Digg erupts over who controls headlines
A heated debate has broken out among users of Digg, the groundbreaking social news site. At the heart of the issue is the question of whether a small number of very active users control which headlines make it to the Digg front page. The uproar began (according to TechCrunch) when conservative blogger Michelle Malkin criticized Digg users for liberal bias in their story selection. This seems to have spurred the blog jp's domain to do a fairly thorough analysis of Digg traffic and conclude that, sure enough, "a small 'aristocracy' controls the vast majority of the content that gets on Digg," and, somewhat more ominously, that "every day it gets harder and harder for new users to have any kind of an impact." While jp's domain was careful to note that it wasn't accusing the most active users of a willful conspiracy ("all this may be innocent"), it struck a chord, and the debate quickly spilled over to other blogs and on to Digg itself, prompting the site's founder Kevin Rose to weigh in with a commitment to change the Digg "story promotion" algorithm to promote greater diversity. This in turn annoyed the site's active users - at least some of whom resented being blamed for their long hours on the site. In fact, the top user, P9, said a bitter goodbye to the site in a public letter to Rose: "As a direct result of your blog this evening. I will no longer [be] supporting Digg going forward. I bequeath my measly number one position to whoever wants to reign."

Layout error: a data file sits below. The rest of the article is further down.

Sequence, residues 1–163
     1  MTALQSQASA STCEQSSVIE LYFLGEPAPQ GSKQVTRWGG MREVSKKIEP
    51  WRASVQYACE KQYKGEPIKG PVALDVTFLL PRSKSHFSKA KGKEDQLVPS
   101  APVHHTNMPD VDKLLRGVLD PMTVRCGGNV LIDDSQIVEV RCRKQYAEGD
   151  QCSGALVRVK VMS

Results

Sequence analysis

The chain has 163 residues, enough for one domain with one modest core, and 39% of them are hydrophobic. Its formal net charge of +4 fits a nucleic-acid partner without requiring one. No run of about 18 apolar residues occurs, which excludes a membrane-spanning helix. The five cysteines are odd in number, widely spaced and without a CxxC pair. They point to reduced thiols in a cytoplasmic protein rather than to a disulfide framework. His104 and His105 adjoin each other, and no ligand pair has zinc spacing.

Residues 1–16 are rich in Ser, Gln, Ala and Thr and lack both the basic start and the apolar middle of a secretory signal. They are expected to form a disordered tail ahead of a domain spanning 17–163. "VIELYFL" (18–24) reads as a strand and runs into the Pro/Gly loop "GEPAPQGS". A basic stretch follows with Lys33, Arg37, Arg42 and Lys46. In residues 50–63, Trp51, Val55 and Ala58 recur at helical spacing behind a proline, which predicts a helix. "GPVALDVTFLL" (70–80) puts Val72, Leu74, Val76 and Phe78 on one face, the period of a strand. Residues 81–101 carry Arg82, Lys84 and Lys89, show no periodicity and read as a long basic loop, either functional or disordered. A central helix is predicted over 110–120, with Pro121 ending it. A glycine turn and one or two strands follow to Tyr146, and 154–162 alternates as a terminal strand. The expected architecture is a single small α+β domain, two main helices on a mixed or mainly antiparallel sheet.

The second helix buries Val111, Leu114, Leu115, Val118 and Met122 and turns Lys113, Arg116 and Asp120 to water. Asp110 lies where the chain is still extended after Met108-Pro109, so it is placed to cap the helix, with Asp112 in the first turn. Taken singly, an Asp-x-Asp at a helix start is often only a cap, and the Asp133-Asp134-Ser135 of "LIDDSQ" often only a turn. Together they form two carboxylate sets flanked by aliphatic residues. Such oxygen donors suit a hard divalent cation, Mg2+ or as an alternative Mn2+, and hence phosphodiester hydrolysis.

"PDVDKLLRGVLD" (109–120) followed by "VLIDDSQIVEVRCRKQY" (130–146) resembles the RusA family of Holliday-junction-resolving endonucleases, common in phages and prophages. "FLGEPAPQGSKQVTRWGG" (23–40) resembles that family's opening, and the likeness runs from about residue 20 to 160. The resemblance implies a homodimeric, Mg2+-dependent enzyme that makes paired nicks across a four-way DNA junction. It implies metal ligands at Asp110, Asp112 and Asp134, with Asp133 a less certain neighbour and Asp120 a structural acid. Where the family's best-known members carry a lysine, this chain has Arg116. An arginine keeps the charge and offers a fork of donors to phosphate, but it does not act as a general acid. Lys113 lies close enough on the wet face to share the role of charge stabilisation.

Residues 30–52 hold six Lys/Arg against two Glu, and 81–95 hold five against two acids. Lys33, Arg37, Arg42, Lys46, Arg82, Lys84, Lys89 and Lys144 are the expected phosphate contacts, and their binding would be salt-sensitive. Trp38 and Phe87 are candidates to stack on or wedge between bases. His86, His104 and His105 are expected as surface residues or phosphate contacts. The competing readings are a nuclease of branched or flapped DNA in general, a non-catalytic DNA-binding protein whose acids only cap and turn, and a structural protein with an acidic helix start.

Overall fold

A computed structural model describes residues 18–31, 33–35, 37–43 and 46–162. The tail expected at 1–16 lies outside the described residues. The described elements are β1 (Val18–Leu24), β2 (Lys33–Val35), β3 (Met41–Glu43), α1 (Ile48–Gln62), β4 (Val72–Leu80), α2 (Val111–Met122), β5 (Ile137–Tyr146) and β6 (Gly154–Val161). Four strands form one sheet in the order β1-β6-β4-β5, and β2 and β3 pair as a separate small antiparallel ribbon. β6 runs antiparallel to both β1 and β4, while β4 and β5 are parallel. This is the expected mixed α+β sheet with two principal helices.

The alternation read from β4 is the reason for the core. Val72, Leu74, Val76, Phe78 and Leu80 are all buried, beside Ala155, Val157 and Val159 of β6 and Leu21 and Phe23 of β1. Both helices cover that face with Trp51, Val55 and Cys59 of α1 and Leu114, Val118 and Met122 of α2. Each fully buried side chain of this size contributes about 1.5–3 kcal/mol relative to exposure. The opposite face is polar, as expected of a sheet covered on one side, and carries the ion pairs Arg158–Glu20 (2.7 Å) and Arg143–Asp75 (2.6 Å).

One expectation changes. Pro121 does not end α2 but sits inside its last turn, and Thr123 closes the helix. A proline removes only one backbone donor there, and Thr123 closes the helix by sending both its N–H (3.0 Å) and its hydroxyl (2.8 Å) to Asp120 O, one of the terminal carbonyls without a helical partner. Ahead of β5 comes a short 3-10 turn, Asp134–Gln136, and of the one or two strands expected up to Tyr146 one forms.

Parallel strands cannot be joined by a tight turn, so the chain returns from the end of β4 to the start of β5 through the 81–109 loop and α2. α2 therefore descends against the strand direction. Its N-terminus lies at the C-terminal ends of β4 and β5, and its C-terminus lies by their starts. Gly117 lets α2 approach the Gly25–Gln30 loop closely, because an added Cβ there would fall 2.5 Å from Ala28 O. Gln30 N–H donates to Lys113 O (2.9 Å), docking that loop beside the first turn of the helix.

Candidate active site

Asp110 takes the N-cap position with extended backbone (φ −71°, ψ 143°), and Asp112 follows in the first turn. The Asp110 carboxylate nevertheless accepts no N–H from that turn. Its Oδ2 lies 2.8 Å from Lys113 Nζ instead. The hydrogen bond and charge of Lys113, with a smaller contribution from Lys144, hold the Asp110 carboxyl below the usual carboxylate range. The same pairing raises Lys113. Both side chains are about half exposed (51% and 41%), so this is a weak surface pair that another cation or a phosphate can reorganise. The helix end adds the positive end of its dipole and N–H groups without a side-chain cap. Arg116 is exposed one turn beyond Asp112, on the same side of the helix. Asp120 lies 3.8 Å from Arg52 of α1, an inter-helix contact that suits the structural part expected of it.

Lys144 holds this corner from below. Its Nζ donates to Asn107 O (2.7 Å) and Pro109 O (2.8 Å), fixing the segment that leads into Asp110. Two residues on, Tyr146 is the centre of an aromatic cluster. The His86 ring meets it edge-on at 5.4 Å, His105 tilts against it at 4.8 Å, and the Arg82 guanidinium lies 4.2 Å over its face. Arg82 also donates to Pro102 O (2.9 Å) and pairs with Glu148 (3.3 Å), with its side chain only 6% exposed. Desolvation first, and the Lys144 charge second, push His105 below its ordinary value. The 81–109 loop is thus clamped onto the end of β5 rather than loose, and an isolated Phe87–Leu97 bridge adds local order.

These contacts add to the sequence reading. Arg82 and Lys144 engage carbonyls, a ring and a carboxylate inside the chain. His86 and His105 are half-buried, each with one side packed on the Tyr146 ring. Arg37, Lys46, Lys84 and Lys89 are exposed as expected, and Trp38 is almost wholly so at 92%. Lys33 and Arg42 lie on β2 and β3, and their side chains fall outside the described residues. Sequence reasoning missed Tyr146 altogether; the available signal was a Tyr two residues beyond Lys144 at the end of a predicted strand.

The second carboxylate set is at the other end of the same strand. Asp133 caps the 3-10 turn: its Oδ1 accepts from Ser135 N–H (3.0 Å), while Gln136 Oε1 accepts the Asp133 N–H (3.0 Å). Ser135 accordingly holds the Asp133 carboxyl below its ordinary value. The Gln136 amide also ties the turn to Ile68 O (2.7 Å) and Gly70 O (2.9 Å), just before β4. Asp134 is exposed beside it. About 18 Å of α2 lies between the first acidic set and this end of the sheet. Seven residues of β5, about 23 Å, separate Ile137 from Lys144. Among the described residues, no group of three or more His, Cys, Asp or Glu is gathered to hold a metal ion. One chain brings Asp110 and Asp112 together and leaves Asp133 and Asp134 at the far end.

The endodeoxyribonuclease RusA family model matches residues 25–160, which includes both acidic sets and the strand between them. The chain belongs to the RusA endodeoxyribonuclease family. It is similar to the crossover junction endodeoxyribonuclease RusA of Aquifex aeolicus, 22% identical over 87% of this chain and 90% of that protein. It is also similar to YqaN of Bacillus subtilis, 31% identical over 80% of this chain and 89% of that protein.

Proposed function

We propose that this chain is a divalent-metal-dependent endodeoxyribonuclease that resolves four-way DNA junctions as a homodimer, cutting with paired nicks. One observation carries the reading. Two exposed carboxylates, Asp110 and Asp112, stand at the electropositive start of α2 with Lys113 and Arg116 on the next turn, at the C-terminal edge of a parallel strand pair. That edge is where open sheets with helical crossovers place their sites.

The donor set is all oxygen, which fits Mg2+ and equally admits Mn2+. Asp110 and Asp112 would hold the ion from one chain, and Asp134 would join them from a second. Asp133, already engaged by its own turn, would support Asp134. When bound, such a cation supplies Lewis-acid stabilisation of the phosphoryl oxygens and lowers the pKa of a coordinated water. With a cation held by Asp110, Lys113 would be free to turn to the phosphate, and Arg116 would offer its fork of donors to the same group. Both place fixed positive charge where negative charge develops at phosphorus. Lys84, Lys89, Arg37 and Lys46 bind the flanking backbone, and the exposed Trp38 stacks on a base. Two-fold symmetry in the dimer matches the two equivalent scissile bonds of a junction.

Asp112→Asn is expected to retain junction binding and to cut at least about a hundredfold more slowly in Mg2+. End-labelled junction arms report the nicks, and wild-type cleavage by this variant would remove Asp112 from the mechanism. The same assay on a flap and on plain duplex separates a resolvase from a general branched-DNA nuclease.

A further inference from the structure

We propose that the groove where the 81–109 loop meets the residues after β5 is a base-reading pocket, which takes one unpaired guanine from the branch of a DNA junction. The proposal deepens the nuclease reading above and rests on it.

Who said user-generated content would be easy? This sort of public battle makes newsroom politicking look quaint.
This gives a good example of how Digg users actually attack a submission.
There is a blog pointing out some comments Digg CEO Jay Adelson made about the Digg users. I hope that this can clarify some things.
CNNMoney.com Comment Policy: CNNMoney.com encourages you to add a comment to this discussion. You may not post any unlawful, threatening, libelous, defamatory, obscene, pornographic or other material that would violate the law. Please note that CNNMoney.com makes reasonable efforts to review all comments prior to posting and CNNMoney.com may edit comments for clarity or to keep out questionable or off-topic material. All comments should be relevant to the post and remain respectful of other authors and commenters. By submitting your comment, you hereby give CNNMoney.com the right, but not the obligation, to post, air, edit, exhibit, telecast, cablecast, webcast, re-use, publish, reproduce, use, license, print, distribute or otherwise use your comment(s) and accompanying personal identifying information via all forms of media now known or hereafter devised, worldwide, in perpetuity. CNNMoney.com Privacy Statement.